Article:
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Patriot Express Veterans Small Business Loans

Veterans who want to start a business should checkout the Patriot Express Veterans Small Business Loan program. Patriot Express is administered by the SBA (Small Business Administration).The SBA Patriot Express Pilot Loan Initiative provides loans for veterans who want to start a small business or expand a small business they already own.

Patriot Express is a pilot program that officially started in June 2007, but it didn’t really get off the ground and start making loans until February 2008. Because it’s a pilot program, nobody knows how long it will last. If you’re a veteran and you're thinking of starting your own small business, you may want to get in while the getting is good.

Which veterans small businesses qualify for Patriot Express?

The definition of a small business is the same for veterans as it is for other business people. When the U.S. Congress first established SBA, the fundamental question was just what numerical definition SBA should use to define small businesses, industry by industry, to determine what businesses were eligible for SBA’s programs.

Over the years SBA has established and revised numerical definitions for all for-profit industries, and this numerical definition is called a size standard.

The most common size standards are as follows:

  • 500 employees or fewer for most manufacturing and mining industries

  • 100 employees or fewer for all wholesale trade industries

  • $6.5 million or less for most retail and service industries

  • $31 million or less for most general and heavy construction industries

  • $13 million or less for all special trade contractors

  • $750,000 or less for most agricultural industries

If you plan to apply for a loan through the Patriot Express program, your business must meet one of these standards.

How much can a veteran borrow under Patriot Express?

You can borrow up to $500,000 under the Patriot Express program. The SBA will guarantee up to 85 percent of the borrowed amount for loans of $150,000 or less and up to 75 percent for loans over $150,000 up to $500,000.

The U.S. government doesn’t actually lend you the money. Instead, it guarantees a large percentage of your loan to the lender. In other words, if you default, the government repays the lender the lion’s share of the loan. Think of it as having your favorite Uncle Sam as your co-signer.

You don’t need to provide collateral for many loans, but for loans above $350,000, lenders are required to take all available collateral.

Interest rates can vary, depending on certain factors, but the SBA guarantees it will use its lowest small business loan rates under the Patriot Express program. These rates are generally 2.25 to 4.75 percent over prime, depending on the loan’s size and time to maturity. Interest rates are usually on the high end for larger loans and loans with a longer repayment period.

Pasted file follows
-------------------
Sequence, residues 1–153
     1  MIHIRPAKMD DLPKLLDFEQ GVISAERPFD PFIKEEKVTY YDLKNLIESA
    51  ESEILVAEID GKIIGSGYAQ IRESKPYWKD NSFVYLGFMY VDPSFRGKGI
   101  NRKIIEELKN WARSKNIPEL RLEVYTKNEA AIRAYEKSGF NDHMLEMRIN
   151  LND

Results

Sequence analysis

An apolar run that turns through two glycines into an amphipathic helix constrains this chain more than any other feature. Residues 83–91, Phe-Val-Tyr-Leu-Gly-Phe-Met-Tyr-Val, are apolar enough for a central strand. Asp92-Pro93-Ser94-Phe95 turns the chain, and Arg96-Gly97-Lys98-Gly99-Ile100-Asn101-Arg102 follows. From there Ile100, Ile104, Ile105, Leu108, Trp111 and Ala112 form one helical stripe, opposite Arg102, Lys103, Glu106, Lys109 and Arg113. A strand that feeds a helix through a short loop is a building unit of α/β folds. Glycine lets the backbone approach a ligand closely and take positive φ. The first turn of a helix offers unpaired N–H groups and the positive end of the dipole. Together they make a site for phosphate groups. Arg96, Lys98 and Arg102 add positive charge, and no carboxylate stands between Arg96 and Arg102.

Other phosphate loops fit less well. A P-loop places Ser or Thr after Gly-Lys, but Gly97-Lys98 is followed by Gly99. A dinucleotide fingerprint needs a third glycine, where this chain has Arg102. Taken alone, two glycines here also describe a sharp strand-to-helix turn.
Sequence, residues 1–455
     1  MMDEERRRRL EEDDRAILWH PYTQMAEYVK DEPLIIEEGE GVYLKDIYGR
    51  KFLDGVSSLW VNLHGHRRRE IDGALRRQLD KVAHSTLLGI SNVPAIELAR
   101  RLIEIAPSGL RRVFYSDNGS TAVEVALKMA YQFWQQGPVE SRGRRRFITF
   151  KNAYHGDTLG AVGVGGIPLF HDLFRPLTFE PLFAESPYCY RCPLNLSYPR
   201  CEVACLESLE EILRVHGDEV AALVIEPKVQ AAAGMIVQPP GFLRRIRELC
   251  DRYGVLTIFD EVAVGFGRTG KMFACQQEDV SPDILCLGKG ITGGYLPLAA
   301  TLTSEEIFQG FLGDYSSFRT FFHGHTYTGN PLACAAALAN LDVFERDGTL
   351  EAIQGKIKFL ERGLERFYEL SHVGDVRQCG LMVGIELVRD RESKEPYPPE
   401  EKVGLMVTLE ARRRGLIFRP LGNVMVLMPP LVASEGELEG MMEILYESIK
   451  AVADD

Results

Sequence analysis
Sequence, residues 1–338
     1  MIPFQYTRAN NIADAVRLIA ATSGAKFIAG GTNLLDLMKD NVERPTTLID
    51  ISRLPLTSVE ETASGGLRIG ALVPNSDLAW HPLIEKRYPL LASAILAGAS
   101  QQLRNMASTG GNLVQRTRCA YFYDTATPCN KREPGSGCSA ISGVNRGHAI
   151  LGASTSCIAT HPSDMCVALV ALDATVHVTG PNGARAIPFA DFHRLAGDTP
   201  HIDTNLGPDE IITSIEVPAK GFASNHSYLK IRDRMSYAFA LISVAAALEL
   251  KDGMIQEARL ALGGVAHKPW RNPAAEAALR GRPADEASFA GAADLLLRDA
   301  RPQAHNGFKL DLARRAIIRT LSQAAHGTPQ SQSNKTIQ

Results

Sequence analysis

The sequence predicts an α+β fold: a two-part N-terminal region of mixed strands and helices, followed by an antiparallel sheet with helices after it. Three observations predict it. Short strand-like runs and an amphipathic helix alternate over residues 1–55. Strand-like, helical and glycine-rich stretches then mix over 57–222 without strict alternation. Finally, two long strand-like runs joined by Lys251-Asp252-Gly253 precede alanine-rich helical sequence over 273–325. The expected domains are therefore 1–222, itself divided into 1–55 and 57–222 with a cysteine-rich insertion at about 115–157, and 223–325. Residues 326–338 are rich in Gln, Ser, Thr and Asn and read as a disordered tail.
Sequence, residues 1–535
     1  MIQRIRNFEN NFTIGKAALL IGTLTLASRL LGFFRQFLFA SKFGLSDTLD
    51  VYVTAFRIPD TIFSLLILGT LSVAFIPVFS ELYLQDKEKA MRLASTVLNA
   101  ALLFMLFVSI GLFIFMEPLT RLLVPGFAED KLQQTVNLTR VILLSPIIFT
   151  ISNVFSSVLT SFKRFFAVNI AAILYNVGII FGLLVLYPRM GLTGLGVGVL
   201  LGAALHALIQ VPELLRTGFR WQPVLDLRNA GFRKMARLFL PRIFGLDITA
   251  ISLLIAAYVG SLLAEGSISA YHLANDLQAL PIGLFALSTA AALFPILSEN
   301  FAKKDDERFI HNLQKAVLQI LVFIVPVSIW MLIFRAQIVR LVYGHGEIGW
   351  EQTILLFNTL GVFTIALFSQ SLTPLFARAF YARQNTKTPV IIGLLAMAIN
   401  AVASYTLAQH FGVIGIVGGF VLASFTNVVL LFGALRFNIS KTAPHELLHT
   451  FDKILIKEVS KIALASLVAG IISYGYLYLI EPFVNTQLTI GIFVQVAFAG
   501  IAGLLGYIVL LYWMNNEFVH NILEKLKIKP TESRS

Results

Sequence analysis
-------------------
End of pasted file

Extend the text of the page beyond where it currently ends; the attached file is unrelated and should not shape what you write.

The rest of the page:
Which veterans are eligible for Patriot Express?

Most veterans, and even some spouses of veterans, are eligible for the Patriot Express program.

Eligibility includes:

  • Veterans (except those with a dishonorable discharge)

  • Service-disabled veterans

  • Active-duty members eligible for the military’s Transition Assistance Program. This includes military retirees within 24 months of separation and other active-duty members within 12 months of separation.

  • Reservists and National Guard members

  • Current spouses of any of these folks

  • The widowed spouse of a service member or veteran who died during service or of a service-connected disability

Do veterans need to create a small business plan?

Even though you're a qualified veteran, you can’t just walk into a lender and get a small business loan, even under the guarantees of programs such as Patriot Express. The lender wants to know that your business is likely to succeed and that you’ll be able to repay the loan. In other words, they want to see a solid business plan.

A business plan precisely defines your business, identifies your goals, and serves as your firm’s resume. Its basic components include a current and pro forma balance sheet, an income statement, and a cash flow analysis.

A business plan helps you allocate resources properly, handle unforeseen complications, and make the right decisions. Because it provides specific and organized information about your company and how you will repay borrowed money, a good business plan is a crucial part of any loan package. Additionally, it tells your sales personnel, suppliers, and others about your operations and goals.

Writing a solid business plan isn’t an easy task, so you'll probably need help. The SBA has an excellent tutorial on writing the perfect business plan for your small business. You can access the tutorial online at the SBA's website.

To find a lender that works with the SBA's Patriot Express program, contact your local SBA district office.

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